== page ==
Eilat Mayor: Save the Samar Dunes!

The mayor of Eilat says the Samar Dunes are more precious that quarried sand -- and he wants to preserve Israel's 'national treasure.'

Chana Ya'ar ,

Israel's Sahara - Samar Dunes
Israel's Sahara - Samar Dunes
Israel news photo: courtesy of Taal Goldman, Arava Institute of Environmental Studies


The mayor of the Red Sea resort town of Eilat contends that the Samar Dunes are more precious than quarried sand, and he wants to preserve them.

Mayor Yitzchak HaLevi appealed Wednesday to Housing Minister MK Ariel Attias (Shas) and Environmental Protection Minister MK Gilad Erdan (Likud) to cancel plans to quarry construction sand in the area. He asked the two ministers to take into consideration the fact that the dunes are a national treasure from the period of the biblical Book of Genesis.

As such, there is a major difference between Israel's Sahara and that of Africa – that of life itself. Plants and animals both exist in the Samar dunes, whereas it is impossible for anything to exist in Africa's central Sahara desert. Scientists note that at least two unique species of spider exist nowhere else on the planet, and several other species have evolved differently in Samar than they have in other regions.

The developer to whom the government has licensed the rights intends to turn the dunes into concrete for construction in the resort town.  A deposit of NIS 1 million ($287,000) deposit was paid in the transaction. However, environmental groups and local residents won a temporary reprieve earlier this month, with the start of the project postponed due to protests and pressure from local residents and environmental groups.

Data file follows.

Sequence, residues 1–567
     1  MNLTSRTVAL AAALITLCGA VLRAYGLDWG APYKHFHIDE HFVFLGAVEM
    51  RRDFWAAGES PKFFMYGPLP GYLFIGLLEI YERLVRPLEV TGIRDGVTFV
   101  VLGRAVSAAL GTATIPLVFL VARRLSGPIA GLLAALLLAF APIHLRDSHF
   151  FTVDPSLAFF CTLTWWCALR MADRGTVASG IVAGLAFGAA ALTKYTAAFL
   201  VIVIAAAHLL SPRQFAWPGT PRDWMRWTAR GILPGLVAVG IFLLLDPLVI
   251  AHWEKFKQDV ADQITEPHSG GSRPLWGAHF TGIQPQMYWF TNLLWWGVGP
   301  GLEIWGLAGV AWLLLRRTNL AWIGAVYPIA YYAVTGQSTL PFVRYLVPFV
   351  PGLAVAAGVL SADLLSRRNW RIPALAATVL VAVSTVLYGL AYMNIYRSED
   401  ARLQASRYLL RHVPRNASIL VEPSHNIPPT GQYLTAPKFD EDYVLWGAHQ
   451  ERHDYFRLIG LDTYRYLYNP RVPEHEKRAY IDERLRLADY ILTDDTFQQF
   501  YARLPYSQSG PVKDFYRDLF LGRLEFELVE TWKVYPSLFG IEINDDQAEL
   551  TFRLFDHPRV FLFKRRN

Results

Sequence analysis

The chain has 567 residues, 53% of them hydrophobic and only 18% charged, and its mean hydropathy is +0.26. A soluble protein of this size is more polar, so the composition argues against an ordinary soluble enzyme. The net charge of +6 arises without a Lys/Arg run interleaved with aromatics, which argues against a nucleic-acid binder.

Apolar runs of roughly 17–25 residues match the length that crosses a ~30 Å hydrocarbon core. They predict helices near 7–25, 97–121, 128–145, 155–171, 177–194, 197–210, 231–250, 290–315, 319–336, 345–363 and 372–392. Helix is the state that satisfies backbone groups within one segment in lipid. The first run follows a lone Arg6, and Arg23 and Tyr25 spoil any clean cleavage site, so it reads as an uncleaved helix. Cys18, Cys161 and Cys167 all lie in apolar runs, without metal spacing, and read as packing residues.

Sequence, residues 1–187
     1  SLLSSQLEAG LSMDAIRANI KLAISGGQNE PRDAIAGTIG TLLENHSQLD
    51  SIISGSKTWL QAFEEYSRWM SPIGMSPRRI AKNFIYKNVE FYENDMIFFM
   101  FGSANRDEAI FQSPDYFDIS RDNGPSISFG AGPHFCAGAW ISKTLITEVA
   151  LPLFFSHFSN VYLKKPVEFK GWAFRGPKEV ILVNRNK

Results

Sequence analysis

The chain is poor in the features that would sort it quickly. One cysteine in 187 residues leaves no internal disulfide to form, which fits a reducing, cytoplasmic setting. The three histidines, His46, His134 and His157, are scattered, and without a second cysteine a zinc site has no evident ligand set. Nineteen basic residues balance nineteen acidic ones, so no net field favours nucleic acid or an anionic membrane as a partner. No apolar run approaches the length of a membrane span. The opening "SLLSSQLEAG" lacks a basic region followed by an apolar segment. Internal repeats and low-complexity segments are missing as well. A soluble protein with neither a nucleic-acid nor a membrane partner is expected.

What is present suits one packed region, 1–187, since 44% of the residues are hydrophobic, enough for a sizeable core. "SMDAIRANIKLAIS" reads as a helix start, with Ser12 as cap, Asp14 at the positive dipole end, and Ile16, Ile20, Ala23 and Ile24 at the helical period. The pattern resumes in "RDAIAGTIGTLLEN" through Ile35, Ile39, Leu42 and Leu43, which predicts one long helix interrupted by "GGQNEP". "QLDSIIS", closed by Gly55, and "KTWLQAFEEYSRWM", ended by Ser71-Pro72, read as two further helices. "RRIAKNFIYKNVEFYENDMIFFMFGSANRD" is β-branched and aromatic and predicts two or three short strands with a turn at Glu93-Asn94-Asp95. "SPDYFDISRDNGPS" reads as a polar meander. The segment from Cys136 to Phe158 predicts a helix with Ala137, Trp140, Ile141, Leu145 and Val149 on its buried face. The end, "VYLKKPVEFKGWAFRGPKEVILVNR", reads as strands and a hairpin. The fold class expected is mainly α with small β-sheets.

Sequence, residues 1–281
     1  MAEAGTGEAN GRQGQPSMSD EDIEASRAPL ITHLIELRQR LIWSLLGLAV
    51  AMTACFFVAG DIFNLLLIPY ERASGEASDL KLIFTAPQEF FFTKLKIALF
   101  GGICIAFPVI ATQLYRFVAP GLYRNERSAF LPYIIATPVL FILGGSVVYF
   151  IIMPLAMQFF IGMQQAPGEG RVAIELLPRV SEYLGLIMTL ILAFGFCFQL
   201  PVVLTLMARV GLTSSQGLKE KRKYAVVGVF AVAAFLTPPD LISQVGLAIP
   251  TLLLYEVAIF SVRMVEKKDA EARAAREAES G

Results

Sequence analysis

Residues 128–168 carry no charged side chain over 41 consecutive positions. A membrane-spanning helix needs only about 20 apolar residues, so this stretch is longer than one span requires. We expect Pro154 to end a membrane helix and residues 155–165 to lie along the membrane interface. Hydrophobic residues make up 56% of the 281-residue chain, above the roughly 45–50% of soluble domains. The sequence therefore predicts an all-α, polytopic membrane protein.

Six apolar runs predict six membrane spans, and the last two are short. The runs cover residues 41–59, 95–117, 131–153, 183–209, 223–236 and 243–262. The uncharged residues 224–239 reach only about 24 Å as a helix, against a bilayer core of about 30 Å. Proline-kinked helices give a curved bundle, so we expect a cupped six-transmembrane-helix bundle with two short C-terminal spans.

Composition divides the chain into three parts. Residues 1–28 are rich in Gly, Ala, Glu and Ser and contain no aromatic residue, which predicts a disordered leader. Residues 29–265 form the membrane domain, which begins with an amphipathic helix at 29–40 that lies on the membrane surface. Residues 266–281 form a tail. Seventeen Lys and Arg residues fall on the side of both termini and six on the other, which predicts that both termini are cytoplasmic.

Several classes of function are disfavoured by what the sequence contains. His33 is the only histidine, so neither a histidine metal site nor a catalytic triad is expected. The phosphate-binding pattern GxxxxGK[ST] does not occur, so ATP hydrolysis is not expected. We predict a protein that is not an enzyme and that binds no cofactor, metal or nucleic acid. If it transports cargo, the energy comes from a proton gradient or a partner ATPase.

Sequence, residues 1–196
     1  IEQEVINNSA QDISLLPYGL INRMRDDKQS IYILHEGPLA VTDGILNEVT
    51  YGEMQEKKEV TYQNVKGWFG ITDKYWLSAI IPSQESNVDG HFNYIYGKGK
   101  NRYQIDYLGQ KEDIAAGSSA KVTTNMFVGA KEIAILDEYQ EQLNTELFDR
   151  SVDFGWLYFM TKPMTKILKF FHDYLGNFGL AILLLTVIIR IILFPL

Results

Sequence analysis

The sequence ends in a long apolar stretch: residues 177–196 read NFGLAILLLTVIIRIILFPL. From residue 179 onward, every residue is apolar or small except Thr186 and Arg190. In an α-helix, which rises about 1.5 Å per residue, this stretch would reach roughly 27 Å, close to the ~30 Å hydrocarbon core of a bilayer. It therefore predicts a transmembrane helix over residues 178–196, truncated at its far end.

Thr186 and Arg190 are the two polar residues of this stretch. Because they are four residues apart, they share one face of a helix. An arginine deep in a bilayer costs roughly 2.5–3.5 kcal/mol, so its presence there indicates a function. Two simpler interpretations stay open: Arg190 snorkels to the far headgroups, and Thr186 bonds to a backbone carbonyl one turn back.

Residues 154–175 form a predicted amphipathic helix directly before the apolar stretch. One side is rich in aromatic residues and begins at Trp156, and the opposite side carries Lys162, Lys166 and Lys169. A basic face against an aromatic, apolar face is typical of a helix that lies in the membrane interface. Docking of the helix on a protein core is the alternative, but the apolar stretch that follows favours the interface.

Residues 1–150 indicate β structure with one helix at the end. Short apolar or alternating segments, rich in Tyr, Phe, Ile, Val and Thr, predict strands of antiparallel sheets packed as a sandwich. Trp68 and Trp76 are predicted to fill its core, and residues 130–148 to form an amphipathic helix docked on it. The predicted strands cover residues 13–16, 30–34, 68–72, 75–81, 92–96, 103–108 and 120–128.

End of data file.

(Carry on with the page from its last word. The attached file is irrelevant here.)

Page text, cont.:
HaLevi, the Society for the Protection of Nature in Israel, the Green Movement, the Israel Union for Environmental Defense and the Arava Institute for Environmental Studies have been fighting the plan for months. A petition against the quarrying was rejected last month by the High Court of Justice, which said that since the plan had already been approved, it saw no reason to intervene.

A previous decision handed down by the Be'er Sheva district court had also rejected a petition by environmental groups against the quarrying.  Some of the area is designated to become a nature reserve, pending approval from the Israel Lands Administration, according to court papers.

Environmental groups contend that the necessary studies of the impact of the quarrying was also not carried out, and the last untouched dunes in Israel are in danger of being wiped out entirely.

The Samar sand dunes, originally about five square miles in area, today comprise less than one square mile in size. Part of the reason is due to agricultural use, according to the Arava Institute for Environmental Studies, and much of the reason stems from carting away of the sand to make concrete.



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